The older man said, “Well you can make me mad anytime son because I don’t want it to low either. Why don’t you come let me teach you how to survey Tom?”

The older man gave him a transit and some basic surveying tools that the young boy kept and used across this state till his retirement. The road was finished and if you ever travel the Blue Ridge Parkway and pass through a curved tunnel on an upgrade you can thank a young boy for making that tunnel possible along that beautiful stretch of road.

Another little boy watched his daddy upholster furniture and learned all he could from him. His daddy loved to talk to people and so did he. He was fascinated with how everything worked and spent hours building models or drawing. He was deeply fascinated with space exploration and enjoyed math problem solving giving great attention to details. He submitted a drawing to a contest on a local TV show. The drawing was shown on TV and he was invited to the NC State Fair to the tent where Barney’s Army was being telecast. Little did he know he was being captured on camera and broadcast on TV during that visit.

Later his love for old cars and hot rods took him to the Greensboro Coliseum for a custom car show with his friend Marvin. While looking at a fully restored ‘65 Pontiac GTO he was asked by a soft voice from behind how he was enjoying the car show. He replied fine and turned to speak to a reporter Bobby Batista for his first real TV interview.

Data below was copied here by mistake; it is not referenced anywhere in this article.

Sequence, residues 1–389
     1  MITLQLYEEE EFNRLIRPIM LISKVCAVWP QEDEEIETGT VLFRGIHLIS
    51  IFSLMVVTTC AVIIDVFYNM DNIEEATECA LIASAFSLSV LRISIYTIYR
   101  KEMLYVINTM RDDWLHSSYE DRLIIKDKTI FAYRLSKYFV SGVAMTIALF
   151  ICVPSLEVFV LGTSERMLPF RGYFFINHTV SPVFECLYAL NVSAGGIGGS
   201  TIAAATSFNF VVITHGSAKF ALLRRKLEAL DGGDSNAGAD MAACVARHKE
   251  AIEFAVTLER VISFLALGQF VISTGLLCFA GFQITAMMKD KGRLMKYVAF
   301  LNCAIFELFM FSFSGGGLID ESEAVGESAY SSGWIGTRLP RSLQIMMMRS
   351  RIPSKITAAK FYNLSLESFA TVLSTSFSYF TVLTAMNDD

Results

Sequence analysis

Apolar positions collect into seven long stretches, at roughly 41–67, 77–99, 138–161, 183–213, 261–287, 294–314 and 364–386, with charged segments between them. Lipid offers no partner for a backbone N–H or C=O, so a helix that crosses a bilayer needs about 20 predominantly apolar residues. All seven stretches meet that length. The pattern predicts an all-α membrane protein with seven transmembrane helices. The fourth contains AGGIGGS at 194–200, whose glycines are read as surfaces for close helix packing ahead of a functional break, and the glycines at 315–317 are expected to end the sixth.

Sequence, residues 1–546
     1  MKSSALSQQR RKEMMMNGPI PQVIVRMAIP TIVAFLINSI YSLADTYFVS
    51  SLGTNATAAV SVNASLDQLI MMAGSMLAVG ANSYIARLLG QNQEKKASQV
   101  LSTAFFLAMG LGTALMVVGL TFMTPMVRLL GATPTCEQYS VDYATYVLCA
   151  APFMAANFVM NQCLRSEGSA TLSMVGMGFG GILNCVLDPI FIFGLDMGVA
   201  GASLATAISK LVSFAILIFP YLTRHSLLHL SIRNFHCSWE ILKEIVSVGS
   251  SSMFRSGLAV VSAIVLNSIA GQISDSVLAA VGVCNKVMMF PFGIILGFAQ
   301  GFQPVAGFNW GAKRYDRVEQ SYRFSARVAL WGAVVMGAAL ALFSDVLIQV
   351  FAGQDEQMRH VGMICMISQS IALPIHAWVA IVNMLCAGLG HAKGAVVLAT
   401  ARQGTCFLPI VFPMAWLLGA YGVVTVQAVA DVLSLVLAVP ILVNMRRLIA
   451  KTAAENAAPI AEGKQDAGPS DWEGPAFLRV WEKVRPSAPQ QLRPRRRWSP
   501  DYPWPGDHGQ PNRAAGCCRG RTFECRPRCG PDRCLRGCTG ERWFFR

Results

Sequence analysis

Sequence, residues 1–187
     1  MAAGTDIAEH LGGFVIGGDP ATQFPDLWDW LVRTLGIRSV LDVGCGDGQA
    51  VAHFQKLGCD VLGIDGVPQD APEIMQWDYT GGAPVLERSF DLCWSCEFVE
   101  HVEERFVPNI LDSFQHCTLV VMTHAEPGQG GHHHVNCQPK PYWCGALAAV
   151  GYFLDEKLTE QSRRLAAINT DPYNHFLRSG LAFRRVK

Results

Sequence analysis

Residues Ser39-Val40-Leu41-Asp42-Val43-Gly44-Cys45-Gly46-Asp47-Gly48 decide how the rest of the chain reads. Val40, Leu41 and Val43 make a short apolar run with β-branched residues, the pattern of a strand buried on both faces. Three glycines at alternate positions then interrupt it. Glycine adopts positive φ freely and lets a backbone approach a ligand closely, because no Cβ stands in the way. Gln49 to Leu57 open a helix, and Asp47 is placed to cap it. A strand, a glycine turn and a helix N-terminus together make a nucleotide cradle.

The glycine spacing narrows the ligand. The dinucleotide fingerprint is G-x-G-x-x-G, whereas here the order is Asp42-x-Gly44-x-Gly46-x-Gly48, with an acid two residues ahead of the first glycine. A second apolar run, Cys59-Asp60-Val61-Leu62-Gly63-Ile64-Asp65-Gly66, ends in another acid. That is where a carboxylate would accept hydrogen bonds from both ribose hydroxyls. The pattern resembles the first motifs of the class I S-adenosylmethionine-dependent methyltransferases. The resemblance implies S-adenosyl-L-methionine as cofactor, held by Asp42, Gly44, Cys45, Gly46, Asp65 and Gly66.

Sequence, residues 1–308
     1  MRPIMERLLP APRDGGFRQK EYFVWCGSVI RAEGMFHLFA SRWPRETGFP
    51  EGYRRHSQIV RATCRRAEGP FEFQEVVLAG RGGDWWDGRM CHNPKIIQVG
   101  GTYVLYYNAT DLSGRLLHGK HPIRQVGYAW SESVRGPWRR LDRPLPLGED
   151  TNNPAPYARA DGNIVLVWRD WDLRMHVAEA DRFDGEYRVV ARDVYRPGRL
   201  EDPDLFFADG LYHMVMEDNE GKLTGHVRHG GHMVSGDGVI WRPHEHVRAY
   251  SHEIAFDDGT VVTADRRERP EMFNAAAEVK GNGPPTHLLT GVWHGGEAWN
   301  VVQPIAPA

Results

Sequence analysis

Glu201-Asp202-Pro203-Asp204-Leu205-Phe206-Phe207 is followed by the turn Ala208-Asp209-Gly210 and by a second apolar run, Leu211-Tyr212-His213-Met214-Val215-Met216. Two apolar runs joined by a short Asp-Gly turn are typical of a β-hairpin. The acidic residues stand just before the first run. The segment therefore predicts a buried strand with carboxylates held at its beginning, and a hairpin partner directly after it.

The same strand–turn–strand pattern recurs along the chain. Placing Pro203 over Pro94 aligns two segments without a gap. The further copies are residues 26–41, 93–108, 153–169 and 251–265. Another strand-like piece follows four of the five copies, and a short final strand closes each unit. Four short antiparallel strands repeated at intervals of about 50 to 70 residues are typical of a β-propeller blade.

Sometime later on a trip to the local high school he helped a lady in a RV park and told her a little of what was going on and he walked away. Moments later the lady from WTVD asked him if he would mind being interviewed about the Chatham County Nuclear Waste dump proposal. His second ever TV interview was brief but to the point; “I don’t like it, we don’t need it, we definitely don’t want it. I feel we are being picked out due to the fact we are a rural county with little resistance to change.”

The young man went on to work for GM then Toyota and finally back to helping his dad upholster just before his dad passed away. His unique life has given him many other opportunities to be interviewed on TV and radio since.

Today a little boy sick from a cold sits in his daddy’s lap looking at photos on the wall. The little boy asked Daddy who is that and points at a photo.

“That’s papa Marlin and some of my friends and relatives.”

“What’s a relative?” He asked.
“It’s someone we are related to, like I am your daddy and papa Marlin was my daddy and so forth. Relatives are people we are connected to that we love and learn from.”

“Who are they?” He asked and pointed at yet more pictures.

“That’s your granddaddy Tom and that’s Uncle Larry. Granddaddy Tom taught Papa Marlin math and how to measure and Uncle Larry taught him how to draw and he taught me. “

“Will you teach me how daddy?”

“Yes I sure will.”

The little boy had asked all his questions and decided it was time for a nap.

Drew left me as I sat and looked at the transit my granddaddy left me and drawings from Uncle Larry’s NASA days along with other items cluttering my office and decided I didn’t need to clean up my office.

My office isn’t full of clutter; just a little boy’s memories and its all relative to who I am and who my kids will become.

Most know me as the man who was hit by lightning four times but I was much more before that, I was a little boy